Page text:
In the U.S., in 1993, the Environmental Protection Agency (EPA) studied whether glyphosate was hazardous to human health and concluded that the chemical was not carcinogenic. In its review, the EPA considered a “worst case” dietary risk model of an individual eating a lifetime of food derived entirely from glyphosate-sprayed fields with residues at their maximum levels. This model indicated that no adverse health effects would be expected under such conditions. In 2015, the EPA initiated another review of glyphosate’s toxicity and in 2016 reported that glyphosate is likely not carcinogenic.

However, in March 2015, the World Health Organization’s International Agency for Research on Cancer (IARC) concluded its own analysis of the available epidemiological studies and found that glyphosate , is “probably carcinogenic to humans.” “For the herbicide glyphosate , there was limited evidence of carcinogenicity in humans for non-Hodgkin lymphoma,” the report stated. “The evidence in humans is from studies of exposures, mostly agricultural, in the USA, Canada, and Sweden published since 2001. In addition, there is convincing evidence that glyphosate also can cause cancer in laboratory animals.”

The IARC report was criticized for not considering all of the available literature on glyphosate. However, IARC admitted that it disregarded any studies that had any connection to the agricultural industry (e.g., studies funded by the industry). This was in contrast to prior government agencies, who considered such studies while adjusting for potential biases. Nevertheless, it was the IARC statement regarding the “probable” carcinogenicity in humans that sparked the glyphosate litigation. The cases were ultimately consolidated on a single docket, where now over a thousand plaintiffs have pending lawsuits alleging that glyphosate in Roundup week killer caused their cancer.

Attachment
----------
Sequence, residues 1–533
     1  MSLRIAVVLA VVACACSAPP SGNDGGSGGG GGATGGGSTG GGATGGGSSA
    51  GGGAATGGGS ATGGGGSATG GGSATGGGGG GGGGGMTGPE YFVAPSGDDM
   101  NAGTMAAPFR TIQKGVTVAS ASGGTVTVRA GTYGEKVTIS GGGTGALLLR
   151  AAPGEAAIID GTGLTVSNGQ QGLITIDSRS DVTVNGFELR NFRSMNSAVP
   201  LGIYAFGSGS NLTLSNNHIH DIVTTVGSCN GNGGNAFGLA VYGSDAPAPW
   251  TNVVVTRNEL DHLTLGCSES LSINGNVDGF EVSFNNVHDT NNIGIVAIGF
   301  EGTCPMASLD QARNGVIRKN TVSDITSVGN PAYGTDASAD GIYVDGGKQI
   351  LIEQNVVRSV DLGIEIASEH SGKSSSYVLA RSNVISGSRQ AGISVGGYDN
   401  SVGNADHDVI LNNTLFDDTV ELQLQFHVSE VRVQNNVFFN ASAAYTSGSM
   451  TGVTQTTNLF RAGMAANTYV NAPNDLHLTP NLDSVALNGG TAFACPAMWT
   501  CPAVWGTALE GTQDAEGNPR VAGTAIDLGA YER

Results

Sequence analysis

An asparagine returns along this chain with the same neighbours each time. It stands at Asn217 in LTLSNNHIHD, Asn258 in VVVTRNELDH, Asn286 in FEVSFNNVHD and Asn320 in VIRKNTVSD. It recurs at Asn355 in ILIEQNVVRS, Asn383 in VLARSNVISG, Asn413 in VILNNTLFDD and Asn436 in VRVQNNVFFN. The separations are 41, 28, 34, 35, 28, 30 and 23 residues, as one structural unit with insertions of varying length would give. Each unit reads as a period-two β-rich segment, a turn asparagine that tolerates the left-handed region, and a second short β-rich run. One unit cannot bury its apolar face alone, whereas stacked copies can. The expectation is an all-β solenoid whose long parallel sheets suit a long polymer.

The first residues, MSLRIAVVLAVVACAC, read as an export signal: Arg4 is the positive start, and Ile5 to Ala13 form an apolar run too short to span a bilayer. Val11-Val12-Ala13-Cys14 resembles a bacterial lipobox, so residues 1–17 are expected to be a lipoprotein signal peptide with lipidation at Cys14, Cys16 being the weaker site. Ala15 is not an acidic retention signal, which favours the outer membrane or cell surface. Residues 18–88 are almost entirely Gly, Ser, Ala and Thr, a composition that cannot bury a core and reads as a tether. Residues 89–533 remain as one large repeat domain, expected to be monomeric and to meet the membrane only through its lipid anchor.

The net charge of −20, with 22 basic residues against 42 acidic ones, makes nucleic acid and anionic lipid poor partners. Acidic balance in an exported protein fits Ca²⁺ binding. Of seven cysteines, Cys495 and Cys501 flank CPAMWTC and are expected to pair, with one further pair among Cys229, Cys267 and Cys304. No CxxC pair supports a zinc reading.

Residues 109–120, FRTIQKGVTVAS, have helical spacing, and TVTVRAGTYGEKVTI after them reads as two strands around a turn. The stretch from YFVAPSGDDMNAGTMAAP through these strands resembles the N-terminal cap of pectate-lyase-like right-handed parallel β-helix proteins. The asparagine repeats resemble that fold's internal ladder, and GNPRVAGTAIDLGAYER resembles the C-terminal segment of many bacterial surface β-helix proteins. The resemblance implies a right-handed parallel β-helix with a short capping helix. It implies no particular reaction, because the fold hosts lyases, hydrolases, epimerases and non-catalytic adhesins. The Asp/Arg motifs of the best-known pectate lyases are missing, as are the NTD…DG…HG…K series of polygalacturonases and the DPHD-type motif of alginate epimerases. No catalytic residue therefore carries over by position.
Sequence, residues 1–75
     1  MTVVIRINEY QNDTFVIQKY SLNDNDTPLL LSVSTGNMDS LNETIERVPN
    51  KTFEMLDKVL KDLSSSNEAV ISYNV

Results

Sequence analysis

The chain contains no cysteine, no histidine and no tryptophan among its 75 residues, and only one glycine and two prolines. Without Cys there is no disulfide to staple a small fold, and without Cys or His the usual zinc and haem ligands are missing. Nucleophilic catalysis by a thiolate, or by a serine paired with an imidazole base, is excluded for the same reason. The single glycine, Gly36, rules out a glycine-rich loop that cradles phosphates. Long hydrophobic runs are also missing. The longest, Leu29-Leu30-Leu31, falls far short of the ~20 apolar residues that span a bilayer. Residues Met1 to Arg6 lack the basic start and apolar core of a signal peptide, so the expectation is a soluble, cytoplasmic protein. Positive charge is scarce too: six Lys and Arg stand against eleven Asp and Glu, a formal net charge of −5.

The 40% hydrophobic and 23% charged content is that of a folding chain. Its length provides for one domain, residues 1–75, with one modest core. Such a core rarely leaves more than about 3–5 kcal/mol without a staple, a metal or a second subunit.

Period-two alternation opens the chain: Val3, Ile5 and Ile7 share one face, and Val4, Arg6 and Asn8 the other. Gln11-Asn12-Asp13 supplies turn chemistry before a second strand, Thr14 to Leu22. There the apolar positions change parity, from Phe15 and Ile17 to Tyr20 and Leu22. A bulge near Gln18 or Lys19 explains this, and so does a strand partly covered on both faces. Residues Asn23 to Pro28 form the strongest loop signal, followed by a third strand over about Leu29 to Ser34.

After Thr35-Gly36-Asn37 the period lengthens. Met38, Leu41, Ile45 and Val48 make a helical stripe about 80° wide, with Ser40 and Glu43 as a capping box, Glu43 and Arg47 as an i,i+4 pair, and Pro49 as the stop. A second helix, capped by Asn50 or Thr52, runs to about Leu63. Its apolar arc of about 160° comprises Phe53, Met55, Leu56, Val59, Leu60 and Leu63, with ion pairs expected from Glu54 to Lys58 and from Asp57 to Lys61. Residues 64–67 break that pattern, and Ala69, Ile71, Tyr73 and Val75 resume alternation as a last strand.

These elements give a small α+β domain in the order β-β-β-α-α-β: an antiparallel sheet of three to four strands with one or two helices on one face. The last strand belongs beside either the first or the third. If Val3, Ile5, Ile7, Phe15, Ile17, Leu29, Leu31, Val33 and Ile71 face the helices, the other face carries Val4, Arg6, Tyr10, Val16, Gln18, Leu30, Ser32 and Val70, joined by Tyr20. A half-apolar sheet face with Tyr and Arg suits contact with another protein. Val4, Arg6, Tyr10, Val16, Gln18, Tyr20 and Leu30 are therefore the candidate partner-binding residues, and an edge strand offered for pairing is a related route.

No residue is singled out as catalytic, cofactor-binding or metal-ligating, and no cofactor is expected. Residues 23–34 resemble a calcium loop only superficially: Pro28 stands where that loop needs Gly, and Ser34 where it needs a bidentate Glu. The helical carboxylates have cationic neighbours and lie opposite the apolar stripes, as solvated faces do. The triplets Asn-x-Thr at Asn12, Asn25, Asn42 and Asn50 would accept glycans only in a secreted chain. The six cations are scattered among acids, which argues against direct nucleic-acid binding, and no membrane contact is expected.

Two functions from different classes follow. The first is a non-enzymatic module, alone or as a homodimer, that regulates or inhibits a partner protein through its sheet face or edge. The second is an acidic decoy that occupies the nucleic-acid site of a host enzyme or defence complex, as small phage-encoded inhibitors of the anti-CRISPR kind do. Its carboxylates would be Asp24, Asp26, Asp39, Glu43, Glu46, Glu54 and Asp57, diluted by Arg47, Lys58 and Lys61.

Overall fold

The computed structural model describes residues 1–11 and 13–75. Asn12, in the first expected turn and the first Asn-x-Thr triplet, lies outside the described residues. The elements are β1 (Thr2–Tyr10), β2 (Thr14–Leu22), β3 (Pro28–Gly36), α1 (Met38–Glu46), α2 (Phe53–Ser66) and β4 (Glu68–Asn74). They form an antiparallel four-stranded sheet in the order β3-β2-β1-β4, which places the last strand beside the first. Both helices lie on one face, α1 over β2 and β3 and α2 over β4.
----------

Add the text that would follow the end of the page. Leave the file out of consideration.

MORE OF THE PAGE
What’s Next in the Hardeman Case?

That Judge Chabbria granted Monsanto’s request for a bifurcated trial was viewed as a defense victory because it prevented jurors from hearing allegations about Monsanto’s alleged conduct seeking to influence the scientific findings regarding glyphosate. Bayer Science (which acquired Monsanto last year) maintains that there is no valid scientific evidence to contradict conclusions that glyphosate-based herbicides are not carcinogenic. Monsanto presumably hoped that if the jury were to hear only about the science, then they would be persuaded by findings such as the US Environmental Protection Agency’s conclusion that glyphosate is unlikely to cause cancer.  Despite the EPA conclusion and Monsanto’s criticisms of the studies offered by plaintiff, the jury found that plaintiff’s use of Roundup was a substantial contributing case of plaintiff’s illness. With the causation phase complete, the trial will move on to phase two where Monsanto’s liability will be determined and damages may be awarded to plaintiff. Opening arguments for the second phase of trial will take place today.

The Dewayne Johnson Case

While the Hardeman case is the first of the federal lawsuits to go trial, this is the second jury to find glyphosate was a substantial contributing cause for a plaintiff’s development of non-Hodgkin’s lymphoma.  Last year a jury in state court in San Francisco found Monsanto liable in the Dewayne Johnson case issuing a $289 million verdict against Monsanto which was later reduced to $78 million.

In the seminal glyphosate case, plaintiff Dewayne Johnson, age 46, alleged that his non-Hodgkin’s lymphoma was caused by mixing and spraying Roundup as the groundskeeper for a school district in California. Johnson was diagnosed with cancer in 2014. His case was expedited for trial, as his doctors confirmed that he does not have long to live. The trial took four weeks to conclude, during which time jurors heard testimony from statisticians, doctors, public health researchers and epidemiologists who disagreed on whether glyphosate can cause cancer.